Annabel Frearson gave the artist talk on Tuesday, which was maybe the best Chelsea talk this term. Lots of the work was looking at text, deconstructing whole books and slightly distorting them. She seemed particularly fascinated by the novel Frankenstein, which was never really explained or questioned. A particularly hilarious piece, called Rotten Tomatoes Review, involved the paying of a magazine to write a review for I, Frankenstein. The harnessing of a magazines reputation was an interesting idea, and something that I may look into doing.

This idea leads into thoughts that I’ve been having after reading into Constant Dullaart’s High Retention, Slow Delivery that I mentioned last week. Since then I’ve been looking at how to buy followers or likes on Instagram, alongside how to become one of these people who are payed to follow people. The idea of buying reputation, fame or interest is really interesting and I want to look into different ways to do this, be it buying ad space or something else, à la Jeff Koons. What I would be effectively ‘selling’ is another thing to think about. Maybe it’s something just to think about, and will never transform into work, who knows.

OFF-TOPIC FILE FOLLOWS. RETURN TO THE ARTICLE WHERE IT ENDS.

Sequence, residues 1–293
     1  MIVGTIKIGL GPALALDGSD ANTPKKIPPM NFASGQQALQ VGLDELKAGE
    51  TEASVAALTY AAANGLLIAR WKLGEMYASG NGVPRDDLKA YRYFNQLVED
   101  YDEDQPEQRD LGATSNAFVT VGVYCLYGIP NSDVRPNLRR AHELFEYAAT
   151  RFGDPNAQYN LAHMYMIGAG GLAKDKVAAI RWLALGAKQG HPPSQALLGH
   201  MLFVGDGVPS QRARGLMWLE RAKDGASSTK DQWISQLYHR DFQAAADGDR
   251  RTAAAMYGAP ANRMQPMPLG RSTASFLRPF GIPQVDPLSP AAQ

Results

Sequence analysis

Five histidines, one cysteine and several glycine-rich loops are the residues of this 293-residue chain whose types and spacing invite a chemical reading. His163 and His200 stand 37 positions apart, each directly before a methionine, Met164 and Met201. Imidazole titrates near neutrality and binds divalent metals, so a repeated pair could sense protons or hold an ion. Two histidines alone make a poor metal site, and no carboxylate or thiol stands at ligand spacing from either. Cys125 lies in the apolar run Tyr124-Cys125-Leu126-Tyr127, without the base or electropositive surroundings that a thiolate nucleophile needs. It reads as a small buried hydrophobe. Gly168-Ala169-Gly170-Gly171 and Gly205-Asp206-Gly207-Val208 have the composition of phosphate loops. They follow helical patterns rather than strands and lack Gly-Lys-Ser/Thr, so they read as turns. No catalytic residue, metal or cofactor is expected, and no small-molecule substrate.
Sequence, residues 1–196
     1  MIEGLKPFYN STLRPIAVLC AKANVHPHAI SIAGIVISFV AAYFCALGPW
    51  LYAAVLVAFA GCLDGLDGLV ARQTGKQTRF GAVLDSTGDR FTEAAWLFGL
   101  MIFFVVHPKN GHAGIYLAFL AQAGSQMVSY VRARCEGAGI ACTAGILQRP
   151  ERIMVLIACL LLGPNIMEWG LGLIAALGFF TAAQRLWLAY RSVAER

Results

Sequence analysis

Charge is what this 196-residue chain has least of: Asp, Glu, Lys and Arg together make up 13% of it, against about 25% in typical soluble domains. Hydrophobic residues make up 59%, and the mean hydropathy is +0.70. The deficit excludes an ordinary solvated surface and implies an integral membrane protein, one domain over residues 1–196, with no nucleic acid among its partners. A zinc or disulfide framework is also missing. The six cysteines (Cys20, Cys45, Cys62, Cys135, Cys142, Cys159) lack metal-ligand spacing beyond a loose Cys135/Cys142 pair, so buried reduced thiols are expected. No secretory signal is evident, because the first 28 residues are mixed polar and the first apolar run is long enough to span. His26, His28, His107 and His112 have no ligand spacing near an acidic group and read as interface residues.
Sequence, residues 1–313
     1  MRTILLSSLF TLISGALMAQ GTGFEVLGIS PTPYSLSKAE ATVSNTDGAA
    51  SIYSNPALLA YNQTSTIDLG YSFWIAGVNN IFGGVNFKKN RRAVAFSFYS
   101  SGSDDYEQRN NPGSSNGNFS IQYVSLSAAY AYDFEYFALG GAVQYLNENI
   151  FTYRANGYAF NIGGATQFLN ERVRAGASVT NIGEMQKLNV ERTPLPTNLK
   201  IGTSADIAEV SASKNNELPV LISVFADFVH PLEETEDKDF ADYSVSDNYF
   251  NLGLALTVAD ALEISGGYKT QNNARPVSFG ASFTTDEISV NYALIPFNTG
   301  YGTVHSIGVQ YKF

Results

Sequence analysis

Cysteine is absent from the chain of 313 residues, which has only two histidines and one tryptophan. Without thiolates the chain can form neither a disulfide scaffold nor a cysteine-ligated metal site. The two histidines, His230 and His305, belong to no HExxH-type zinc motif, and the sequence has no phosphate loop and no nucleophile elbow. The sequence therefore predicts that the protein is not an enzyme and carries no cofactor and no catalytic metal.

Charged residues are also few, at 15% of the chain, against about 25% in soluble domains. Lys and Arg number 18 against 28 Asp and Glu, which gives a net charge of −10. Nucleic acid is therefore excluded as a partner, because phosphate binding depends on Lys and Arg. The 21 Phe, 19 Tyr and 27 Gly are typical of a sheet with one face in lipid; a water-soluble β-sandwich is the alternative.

I went to a few seminar/lecture type things too, the first being called Feminisms – Arts of a Woman. It was interesting, and more of a conversation than about gaining any additional information. Dialogue is always good though. Later on in the day I went to a drag panel, featuring a number of people, one of which was Grayson Perry. I found it to be an interesting compliment to the feminist panel, giving multiple sides to a complicated story. I’m unsure what my position is on matters such as these, but I feel that educating oneself is always helpful, and being able to join in on the conversation is fundamental for growth.